- Optic disc swelling (elevated margins)
- Diastolic BP > 130 mmHg
- Systemic prognosis is poor

- Grade I changes from aging alone
- Fundus findings not helpful in managing htn unless Grade III or IV
- Only Grades III and IV adversely affect the vision; Rx: treat the hypertension
- For Grade III and IV changes- move on it!


Amaurosis Fugax

“Fleeting blindness”
- Unilateral, transient (seconds to minutes) loss of vision
- Usually fibrin-platelet thrombi from the carotids
- Incidence of subsequent stroke is 4% per year

Tests: Trans-carotid US, CT


Ocular Ischemic Syndrome

>90% ipsilateral carotid artery obstruction
- Relatively rare clinical entity

- None
- Visual loss over weeks to months
- Periorbital aching pain

- Rubeosis iridis (iris neovascularization)
- Dilated but not tortuous retinal veins
- Mid-peripheral retinal hemorrhages

Prognosis: Poor
- 40% five year mortality
- Stroke and cardiac events

- Laser for rubeosis
- Carotid endarterectomy/stent

Resembles central artery occlusion, but arteries straight not tortuous
* High risk for stroke, other ischemic events


Sickle cell retinopathy

Clinical features- Spectrum like diabetes

- Salmon patch- acute intraretinal hemorrhage
- Black Sunburst- subretinal pigment clump

- Sea fan- peripheral retinal neovascularization
- Vitreous hemorrhage
- Traction retinal detachment

Causes (in descending order):
- Hgb SC
- Hgb Sthal
- Hgb SS
- Hgb AS (trait)

- Laser therapy for proliferative sickle disease (promotes regression)


Retinopathy of prematurity

- Smaller the baby, greater the chance
- Significant in 75% of babies Peripheral retinal avascular zone
→ Ischemia → vascular growth factors
→ Peripheral retinal neovascularization
→ Retinal detachment or dragging (fibrosis pulls on lens--> tractional retinal detachment (--> blindness)

- Screening exams in NICU
- Babies born <20%


Optic neuropathy: signs

+/- decreased acuity
- RAPD (relative afferent pupillary defect) if asymmetric
- Dyschromatopsia= color vision problems
- Optic nerve may be: swollen, normal, pale


Optic neuritis

- Younger patients (20s-30s)
- Female > Male
- Caucasian, Northern European
- Pain with eye movement (92%)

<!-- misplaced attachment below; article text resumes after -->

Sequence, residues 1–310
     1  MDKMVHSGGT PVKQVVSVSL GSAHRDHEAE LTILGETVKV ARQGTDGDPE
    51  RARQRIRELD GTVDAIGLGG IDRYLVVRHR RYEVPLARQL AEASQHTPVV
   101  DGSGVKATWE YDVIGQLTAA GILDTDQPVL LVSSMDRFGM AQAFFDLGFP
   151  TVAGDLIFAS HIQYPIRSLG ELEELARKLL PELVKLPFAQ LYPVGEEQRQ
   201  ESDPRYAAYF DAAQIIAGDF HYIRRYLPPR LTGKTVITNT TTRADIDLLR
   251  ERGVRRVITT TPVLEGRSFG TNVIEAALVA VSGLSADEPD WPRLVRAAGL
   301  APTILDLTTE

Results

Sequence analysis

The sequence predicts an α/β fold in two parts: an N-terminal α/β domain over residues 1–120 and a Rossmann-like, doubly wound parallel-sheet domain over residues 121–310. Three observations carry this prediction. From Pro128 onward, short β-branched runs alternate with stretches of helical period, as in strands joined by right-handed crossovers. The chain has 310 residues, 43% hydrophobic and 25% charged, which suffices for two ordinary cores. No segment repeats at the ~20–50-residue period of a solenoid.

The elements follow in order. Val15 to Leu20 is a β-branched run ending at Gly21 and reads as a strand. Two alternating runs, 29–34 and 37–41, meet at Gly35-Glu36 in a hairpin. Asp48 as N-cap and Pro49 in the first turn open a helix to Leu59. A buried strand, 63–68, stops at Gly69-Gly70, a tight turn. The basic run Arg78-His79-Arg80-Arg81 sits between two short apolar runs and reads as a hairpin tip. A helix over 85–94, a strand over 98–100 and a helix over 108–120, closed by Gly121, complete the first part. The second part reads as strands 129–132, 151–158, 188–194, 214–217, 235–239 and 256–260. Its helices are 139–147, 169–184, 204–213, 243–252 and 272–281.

- Vision loss progressing over 1-2 weeks

- Decreased visual acuity (usually unilateral)
- Decreased color vision
- Relative afferent pupillary defect – RAPD
- Visual field defect: central scotoma (darker in center) or inferior altitudinal
- Normal optic disc (2/3); Mild edema (1/3)

- Don't need MRI to diagnose optic neuritis
- Brain MRI used to determine MS risk, tx
- Look for enhancement of optic nerve, white matter lesions (Dawson's fingers- perpendicular to ventricles)
- 38% 10 year risk of developing MS
- 56% 10-year risk with 1+ lesions, 22% if no lesions

Treatment: IV steroids for:
- faster visual recovery
- delays onset of another demyelinating events
- oral steroids associated with increased recurrence rates (IV ONLY!)
- IFN beta-1a if 2+ white matter lesions


Anterior ischemic optic neuropathy:

Optic nerve affected close enough to globe--> disc swelling (hence anterior)
- Common features: acute vision loss, disc edema

- Younger age (60s, 70s)
- Vasculopathic risk factors
- No warning symptoms
- No treatment

- Sudden vision loss
- Often upon awakening
- Stable from onset
- May have mild pain
- No prodrome

Risk factors:
- DM
- Elevated cholesterol
- Smoking
- Sleep apnea
- ED drugs

- Acute= swollen nerve
- Hemorrhages, dilated capillaries
- Small crowded disc in contralateral eye
- Inferior altitudinal defect most common

Treatment: ID and manage risk factors (prevent bilateral defects)
- Blood pressure: Blood pressure meds in AM if possible
- Lipid panel
- Hemoglobin A1c
- Smoking Cessation
- ED drugs
- Sleep study (high association with sleep apnea)

- Vision loss remains ~ stable
- Rare to recur in the same eye (death causes decompression)
- About 15 % chance of occurrence in 2nd eye over 5 years


Anterior ischemic optic neuropathy:
Giant cell arteritis (arteritic)

Optic nerve affected close enough to globe--> disc swelling (hence anterior)
- Common features: acute vision loss, disc edema

- Older onset (>70)
- Caucasians
- Vasculitis of med/large vessels
- Bilateral (20 – 60%)
- If unilateral; second eye involvement often within days without treatment (75%)
- Abnl ESR, CRP, CBC
- Other symptoms
- Treated with steroids
** Prevent catastrophic vision loss!
** Protect other eye!

- Vision loss
- Transient
- Constant
- Double vision
- Premonitory symptoms
- RED FLAGS: Episodes of transient vision loss followed by constant loss; Purple or blue vision

Systemic symptoms:
- Jaw claudication
- Scalp tenderness
- Headache
- Temporal tenderness (prominent temporal arteries)